Review: The Distant Hours by Kate Morton

Wednesday, July 12, 2017
Title: The Distant Hours
Author: Kate Morton
Genre: gothic
Series: N/A
Pages: 565
Published: 2010
Source: purchased
Rating: 5/5

A long lost letter arrives in the post and Edie Burchill finds herself on a journey to Milderhurst Castle, a great but moldering old house, where the Blythe spinsters live and where her mother was billeted 50 years before as a 13 year old child during WWII. The elder Blythe sisters are twins and have spent most of their lives looking after the third and youngest sister, Juniper, who hasn’t been the same since her fiance jilted her in 1941.

Inside the decaying castle, Edie begins to unravel her mother’s past. But there are other secrets hidden in the stones of Milderhurst, and Edie is about to learn more than she expected. The truth of what happened in ‘the distant hours’ of the past has been waiting a long time for someone to find it.

Morton once again enthralls readers with an atmospheric story featuring unforgettable characters beset by love and circumstance and haunted by memory, that reminds us of the rich power of storytelling.

Haunting, evocative, and gothic are just a few of the words that could describe Kate Morton's masterpiece The Distant Hours. Set in the countryside of Kent at differing times in the 19th century for a wide array of connected characters, it's an impressive effort from a seasoned writer. Morton has proved time and time before she can write adeptly, that she can intertwine and obfuscate plotlines until the grand reveal is one of both surprise and sense. The Distant Hours is her best novel yet, the best example of her many gifts as a storyteller; it pulls no punches and ignores no plotline. There's not a page or a word that is wasted; the stage is perfectly set and Kate Morton directs her cast into a virutoso performance with ease.

Without veering into hyperbole I can attest that this is the ultimate in modern gothic storytelling; the hidden stories of Milderhurst castle, from the early 1900s to the early 1990s are shown to be one finely-tuned plot, hinted and hidden behind a superb sleight of hand and shared between the most unlikely of people. The well-rendered characters, from the King Lear-ish figure in Raymond Blythe to his Havisham-esque trio of daughters, are laden with secrets in their moldering castle. The slow reveal of the Blythe family helped one another and hid things for and from each other is an anticipatory delight. The first four hundred pages are a painstaking build of tension and atmosphere; the last one hundred and fifty are increasingly fraught with realization and crucially timed plot points. It all coalesces without missing a step; the ending is perfect in its undeniability and yet how it still manages to subvert expectation.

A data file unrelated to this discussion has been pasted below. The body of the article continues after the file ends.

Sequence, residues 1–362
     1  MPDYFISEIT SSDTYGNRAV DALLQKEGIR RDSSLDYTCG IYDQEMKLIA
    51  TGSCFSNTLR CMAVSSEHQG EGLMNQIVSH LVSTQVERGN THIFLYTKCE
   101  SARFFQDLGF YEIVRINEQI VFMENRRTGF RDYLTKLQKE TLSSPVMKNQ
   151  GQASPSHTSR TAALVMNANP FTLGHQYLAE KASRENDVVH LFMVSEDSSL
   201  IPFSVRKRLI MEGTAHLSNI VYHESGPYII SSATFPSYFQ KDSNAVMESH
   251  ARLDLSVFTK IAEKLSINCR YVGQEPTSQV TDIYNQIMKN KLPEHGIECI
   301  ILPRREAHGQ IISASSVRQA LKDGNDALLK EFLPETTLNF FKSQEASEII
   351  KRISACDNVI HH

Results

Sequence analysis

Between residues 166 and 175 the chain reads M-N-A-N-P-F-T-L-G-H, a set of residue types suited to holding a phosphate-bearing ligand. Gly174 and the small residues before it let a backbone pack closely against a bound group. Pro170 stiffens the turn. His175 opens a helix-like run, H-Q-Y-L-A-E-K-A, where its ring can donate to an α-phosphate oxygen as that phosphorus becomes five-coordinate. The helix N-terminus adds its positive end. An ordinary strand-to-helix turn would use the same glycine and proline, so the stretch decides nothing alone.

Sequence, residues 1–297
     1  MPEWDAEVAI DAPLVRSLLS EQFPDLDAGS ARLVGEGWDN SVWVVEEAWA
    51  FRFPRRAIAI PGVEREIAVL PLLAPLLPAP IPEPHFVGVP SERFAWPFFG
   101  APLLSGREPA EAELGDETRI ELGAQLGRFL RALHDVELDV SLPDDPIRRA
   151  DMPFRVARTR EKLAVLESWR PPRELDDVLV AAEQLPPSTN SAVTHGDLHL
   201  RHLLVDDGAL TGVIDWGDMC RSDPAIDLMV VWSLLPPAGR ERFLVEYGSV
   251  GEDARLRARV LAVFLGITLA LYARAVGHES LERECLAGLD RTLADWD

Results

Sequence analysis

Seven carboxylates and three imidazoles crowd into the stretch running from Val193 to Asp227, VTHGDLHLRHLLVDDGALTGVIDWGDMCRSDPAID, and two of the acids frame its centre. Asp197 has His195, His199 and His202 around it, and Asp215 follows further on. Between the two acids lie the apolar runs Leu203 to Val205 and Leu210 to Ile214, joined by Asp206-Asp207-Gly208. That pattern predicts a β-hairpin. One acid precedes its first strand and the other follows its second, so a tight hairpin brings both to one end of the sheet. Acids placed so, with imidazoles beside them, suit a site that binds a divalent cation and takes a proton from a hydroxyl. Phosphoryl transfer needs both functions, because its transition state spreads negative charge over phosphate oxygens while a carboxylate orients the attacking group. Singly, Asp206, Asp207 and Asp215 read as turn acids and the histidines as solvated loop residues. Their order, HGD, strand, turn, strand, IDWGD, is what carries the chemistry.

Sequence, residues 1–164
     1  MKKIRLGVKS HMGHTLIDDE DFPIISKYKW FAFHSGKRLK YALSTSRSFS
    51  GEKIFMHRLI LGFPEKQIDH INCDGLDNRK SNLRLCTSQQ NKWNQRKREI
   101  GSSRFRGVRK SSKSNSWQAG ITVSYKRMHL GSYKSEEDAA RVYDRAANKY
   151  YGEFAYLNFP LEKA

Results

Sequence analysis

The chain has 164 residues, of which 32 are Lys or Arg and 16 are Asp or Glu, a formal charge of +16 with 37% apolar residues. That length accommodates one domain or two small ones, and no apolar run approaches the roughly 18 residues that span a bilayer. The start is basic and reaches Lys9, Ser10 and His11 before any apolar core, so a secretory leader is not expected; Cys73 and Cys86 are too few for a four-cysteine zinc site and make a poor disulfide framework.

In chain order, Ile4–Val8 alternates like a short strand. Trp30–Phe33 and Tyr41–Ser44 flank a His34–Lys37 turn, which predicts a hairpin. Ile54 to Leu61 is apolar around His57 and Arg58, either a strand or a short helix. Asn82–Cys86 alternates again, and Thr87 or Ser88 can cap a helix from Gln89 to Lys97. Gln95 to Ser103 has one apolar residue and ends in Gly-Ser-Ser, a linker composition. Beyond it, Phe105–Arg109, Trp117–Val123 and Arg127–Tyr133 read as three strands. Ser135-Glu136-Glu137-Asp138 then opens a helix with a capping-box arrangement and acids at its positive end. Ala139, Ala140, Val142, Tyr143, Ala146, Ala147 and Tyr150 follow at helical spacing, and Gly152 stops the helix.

Though each of her novels are framed similarly and can follow familiar themes, no two are alike in anything from voice to character and they are each impossible to predict. Morton has a firm handle on reader expectation and how to subvert it. Her stories are authentic and easy to immerse within but they are complicated and demand reader attention. The investment of time and energy is worth it because the end of her novels tend to shock, and wow, while engendering real emotion. The Distant Hours does all of that; even on a third rereead it's impossible to not feel empathy and community with not only the Sisters Blythe but also intrepid Edie, shy Meredith, or loquacious Mrs. Bird. The Distant Hours is a gothic novel but it feels present and real, and that is in no little thanks to life in its multifaceted characters.


No comments:

Post a Comment

Related Posts Plugin for WordPress, Blogger...

Copyright © 2015 Ageless Pages Reviews. All Rights Reserved.

Amelia Theme by The Lovely Design CO and These Paper Hearts.